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HomeInnovationInequity IS the Disaster

Inequity IS the Disaster

  • The Science and Technology Directorate (S&T) and a Department of Homeland Security (DHS) Center of Excellence are researching ways to enhance disaster resilience in socially vulnerable communities.

The 2023 hurricane season was one of the more severe on record, according to the National Oceanic and Atmospheric Administration (NOAA). Academic and disaster resilience communities have documented empirically that disenfranchised communities are disproportionately impacted by these severe weather events. With NOAA predicting increasing impacts of hurricanes in the future, S&T is trying to identify ways to help fortify marginalized communities against this impending risk.

According to Dr David Alexander, senior science advisor for resilience at S&T, since 1980, there have been more than 377 billion-dollar disasters, based on NOAA statistics. These are disasters that resulted in $1 billion more in damages and losses each. More significantly, these disasters have amounted to more than 16,000 fatalities.

“People are losing their lives, not just their homes and businesses,” Alexander said. “If you look at the resilience research, there is a common theme, and it is well-recognized that underserved communities are disproportionately affected and experience more disaster suffering.”

While many in the federal government seek to foster greater equity for marginalized communities during disasters, S&T is investing in tools and technologies to inform policy and support this mission.

This was the purpose of a recent Coastal Resilience Center (CRC) Disasters and Equity Workshop that brought together community leaders, practitioners, and researchers to discuss best practices for reducing risk throughout the disaster lifecycle (mitigation, preparedness, response, and recovery) in an equitable way. The CRC is a nationwide consortium led by the University of North Carolina at Chapel Hill conducting research to increase the resilience of people, infrastructure, economies, and the natural environment from coastal hazards.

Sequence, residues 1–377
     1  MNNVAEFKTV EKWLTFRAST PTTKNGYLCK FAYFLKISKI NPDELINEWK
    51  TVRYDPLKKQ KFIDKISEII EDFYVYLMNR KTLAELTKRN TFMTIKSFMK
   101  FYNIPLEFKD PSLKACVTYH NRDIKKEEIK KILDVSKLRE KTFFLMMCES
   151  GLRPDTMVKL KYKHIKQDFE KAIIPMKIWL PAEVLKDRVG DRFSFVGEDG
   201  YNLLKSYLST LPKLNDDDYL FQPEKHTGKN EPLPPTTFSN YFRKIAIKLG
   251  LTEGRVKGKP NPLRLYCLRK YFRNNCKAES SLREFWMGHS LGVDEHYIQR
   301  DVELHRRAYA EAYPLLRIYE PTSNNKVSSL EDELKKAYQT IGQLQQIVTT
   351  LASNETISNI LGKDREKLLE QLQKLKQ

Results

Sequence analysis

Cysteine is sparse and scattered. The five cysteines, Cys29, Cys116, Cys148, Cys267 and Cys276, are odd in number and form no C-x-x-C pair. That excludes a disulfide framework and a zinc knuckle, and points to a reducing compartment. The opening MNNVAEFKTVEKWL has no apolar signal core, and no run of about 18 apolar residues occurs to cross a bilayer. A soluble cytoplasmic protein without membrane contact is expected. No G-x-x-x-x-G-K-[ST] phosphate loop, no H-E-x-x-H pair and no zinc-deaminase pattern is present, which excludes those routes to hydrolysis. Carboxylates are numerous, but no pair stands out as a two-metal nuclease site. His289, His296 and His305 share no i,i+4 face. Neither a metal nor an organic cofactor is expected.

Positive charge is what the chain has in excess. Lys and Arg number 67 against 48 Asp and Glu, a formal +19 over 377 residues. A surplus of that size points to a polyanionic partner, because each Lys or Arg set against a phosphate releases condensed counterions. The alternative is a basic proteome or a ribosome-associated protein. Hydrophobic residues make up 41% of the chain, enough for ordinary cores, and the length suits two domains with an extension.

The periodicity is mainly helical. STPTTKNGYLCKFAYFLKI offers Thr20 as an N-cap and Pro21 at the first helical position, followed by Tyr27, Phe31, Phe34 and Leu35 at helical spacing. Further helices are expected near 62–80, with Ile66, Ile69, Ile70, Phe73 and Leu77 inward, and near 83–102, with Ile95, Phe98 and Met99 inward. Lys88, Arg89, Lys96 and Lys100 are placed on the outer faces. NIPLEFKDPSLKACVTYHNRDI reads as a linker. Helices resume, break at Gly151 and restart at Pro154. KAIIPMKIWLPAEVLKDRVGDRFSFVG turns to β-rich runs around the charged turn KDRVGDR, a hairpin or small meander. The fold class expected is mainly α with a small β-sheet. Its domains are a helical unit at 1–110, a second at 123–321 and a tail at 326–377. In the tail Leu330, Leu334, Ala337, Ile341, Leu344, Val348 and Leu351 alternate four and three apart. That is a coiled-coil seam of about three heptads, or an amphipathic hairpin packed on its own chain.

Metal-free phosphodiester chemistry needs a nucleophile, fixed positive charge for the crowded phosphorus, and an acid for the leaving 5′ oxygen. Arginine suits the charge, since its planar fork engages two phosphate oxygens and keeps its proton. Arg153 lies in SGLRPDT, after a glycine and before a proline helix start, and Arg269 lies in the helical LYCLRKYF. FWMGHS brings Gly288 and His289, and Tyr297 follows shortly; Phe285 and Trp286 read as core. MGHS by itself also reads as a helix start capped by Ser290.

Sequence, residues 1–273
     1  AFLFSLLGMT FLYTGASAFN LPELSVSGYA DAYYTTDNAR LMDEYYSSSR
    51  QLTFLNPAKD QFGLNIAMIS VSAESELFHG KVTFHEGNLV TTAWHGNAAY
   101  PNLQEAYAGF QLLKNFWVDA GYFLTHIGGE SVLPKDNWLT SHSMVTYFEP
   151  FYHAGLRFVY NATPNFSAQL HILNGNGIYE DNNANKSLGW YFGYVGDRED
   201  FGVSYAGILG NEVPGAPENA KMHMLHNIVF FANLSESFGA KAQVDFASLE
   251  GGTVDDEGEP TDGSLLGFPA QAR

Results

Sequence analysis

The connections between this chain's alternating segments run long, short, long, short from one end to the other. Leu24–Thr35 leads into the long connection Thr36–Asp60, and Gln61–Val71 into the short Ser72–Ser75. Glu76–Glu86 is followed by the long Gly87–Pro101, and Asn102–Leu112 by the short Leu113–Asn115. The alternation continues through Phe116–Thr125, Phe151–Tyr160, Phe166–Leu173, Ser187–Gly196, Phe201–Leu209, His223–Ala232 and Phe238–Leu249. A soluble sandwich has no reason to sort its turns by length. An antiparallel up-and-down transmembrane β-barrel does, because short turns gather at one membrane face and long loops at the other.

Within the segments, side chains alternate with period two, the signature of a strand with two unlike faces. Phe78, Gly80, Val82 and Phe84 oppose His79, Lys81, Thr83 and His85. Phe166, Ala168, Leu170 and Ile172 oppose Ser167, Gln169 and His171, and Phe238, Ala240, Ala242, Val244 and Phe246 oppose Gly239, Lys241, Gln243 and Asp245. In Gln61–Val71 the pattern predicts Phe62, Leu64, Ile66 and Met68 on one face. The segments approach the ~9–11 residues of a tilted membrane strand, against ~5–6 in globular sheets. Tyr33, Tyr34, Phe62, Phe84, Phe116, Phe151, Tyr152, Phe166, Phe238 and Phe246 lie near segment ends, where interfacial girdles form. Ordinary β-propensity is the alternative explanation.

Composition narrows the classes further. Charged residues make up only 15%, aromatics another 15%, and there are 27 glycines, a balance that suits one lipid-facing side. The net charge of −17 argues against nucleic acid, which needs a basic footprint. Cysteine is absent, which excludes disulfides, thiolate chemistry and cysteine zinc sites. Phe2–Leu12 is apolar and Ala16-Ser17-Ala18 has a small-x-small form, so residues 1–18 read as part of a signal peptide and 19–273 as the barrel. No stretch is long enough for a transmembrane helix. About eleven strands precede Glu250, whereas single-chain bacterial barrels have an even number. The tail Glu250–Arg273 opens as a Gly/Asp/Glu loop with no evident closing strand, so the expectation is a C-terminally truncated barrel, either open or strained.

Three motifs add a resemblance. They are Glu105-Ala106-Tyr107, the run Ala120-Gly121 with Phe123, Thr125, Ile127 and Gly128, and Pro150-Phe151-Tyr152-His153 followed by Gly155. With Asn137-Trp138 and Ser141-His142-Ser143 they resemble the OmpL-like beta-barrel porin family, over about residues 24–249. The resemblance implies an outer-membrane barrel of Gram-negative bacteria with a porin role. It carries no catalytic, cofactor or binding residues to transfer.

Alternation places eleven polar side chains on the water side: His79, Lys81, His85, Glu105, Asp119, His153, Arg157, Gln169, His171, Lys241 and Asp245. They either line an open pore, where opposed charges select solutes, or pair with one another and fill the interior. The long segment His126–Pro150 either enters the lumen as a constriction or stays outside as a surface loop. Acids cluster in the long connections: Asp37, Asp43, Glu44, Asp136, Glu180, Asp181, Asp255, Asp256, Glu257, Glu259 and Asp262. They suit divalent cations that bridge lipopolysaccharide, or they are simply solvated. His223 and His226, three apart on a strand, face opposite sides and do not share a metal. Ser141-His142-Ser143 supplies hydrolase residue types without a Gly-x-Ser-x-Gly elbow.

“Our challenges have become more complex. Therefore, we need to ensure that we’re leveraging diversity of opinion, experience, and knowledge and really try to bring our communities, as well as practitioners and academics, together, and invite the private sector to partner with us so we can scale out solutions and deliver a broader impact to the nation,” Alexander said.

“The focus, using a science and technology lens, is recognizing a desire to push the envelope on participatory research,” he continued. “It’s about driving co -development of solutions to fill critical gaps in individual and community preparedness and developing solutions that help us to eliminate inequities in disaster resilience. The goal is to better link scientific experts and cutting-edge solutions to community partners and help them avoid disaster fatigue.”

S&T and CRC first studied existing planning frameworks underpinning disaster equity planning. They then studied what kind of data would be required to support more equitable planning. With an understanding of the policy and data, this workshop was a next step in contextualizing this research with evidence from front-line responders. The goal was to have participants help answer questions like: How can we achieve better outcomes after disasters strike and ensure those positive outcomes extend to all communities? What policies are in place and are they working? What do individual communities view as their critical needs and challenges? Are we investing in the right science and technology to close those gaps and support all segments and all geographies?